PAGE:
In a Jar

I’m thinking about rolling my tongue over my rotting tooth. Should I do it? Teeth can be very dangerous. Just like our Native hair, they can be used against us, to curse us.

I went to see my aunt—a dental hygienist on the reservation—to get X-rays. It was September, and the yellow and orange leaves were dry and dying.

“It’s worse than I thought,” she said.

I was horrified. I’d already been told my wisdom teeth needed to be yanked out. “They’ll rot,” the dentist had said. I put it off for years, though, and watched week after week after week in the mirror as my far back tooth rotted, not wanting to get it extracted.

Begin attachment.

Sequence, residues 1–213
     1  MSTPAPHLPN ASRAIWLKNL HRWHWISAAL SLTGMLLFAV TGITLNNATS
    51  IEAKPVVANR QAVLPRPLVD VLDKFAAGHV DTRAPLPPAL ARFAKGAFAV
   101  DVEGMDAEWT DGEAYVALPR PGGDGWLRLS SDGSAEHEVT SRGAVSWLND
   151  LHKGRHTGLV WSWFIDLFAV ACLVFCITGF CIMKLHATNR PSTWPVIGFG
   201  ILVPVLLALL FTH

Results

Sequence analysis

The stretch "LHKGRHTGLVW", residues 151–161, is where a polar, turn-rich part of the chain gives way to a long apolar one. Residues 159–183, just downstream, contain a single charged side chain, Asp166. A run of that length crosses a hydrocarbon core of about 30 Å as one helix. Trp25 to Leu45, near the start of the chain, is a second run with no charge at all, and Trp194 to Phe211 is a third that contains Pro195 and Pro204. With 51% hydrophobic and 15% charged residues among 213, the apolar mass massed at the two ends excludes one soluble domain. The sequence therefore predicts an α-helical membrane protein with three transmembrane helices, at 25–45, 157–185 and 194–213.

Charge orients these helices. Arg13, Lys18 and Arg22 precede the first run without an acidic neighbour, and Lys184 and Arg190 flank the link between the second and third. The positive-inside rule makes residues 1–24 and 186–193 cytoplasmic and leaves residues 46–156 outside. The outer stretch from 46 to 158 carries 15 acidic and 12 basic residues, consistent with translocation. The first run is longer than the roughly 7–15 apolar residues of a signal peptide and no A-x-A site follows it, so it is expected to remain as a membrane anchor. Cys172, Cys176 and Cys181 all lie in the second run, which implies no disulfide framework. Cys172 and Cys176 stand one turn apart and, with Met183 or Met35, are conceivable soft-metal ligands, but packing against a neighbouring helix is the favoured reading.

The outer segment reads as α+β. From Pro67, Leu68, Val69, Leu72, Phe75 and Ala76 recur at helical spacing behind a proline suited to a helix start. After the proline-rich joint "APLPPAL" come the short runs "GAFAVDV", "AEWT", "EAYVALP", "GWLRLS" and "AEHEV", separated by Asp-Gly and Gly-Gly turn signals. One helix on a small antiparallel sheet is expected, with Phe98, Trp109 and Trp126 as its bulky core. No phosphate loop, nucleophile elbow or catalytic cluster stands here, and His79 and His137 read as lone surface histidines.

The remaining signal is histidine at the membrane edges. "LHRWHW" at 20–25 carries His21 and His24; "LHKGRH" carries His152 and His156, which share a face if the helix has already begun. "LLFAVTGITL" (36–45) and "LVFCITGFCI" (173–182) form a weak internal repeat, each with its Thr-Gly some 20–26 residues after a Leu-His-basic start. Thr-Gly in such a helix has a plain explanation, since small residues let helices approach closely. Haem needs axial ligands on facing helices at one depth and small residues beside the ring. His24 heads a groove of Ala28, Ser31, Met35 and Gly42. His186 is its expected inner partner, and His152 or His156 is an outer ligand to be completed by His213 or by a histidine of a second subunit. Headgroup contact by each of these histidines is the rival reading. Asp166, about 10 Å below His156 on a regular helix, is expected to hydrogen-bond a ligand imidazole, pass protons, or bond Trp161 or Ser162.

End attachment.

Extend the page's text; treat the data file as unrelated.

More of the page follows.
My father has dentures. When I was child, I watched from the window in our blue home on a dead-end street as my father called one of his employees a name. Then—BAM!—the guy punched my father, sending him sprawling backward, and his jeckin (that’s Native for butt) banged into the earth, sending ripples through the smooth summer grass. My father then got partials implanted, which were later punched out. I didn’t witness that punch, though. It had happened some days or weeks or months or years after my mother had taken me away in the night. “We’re going home, gwus,” she’d said to me. Home. The reservation. After that last whack to his face, my father got dentures.

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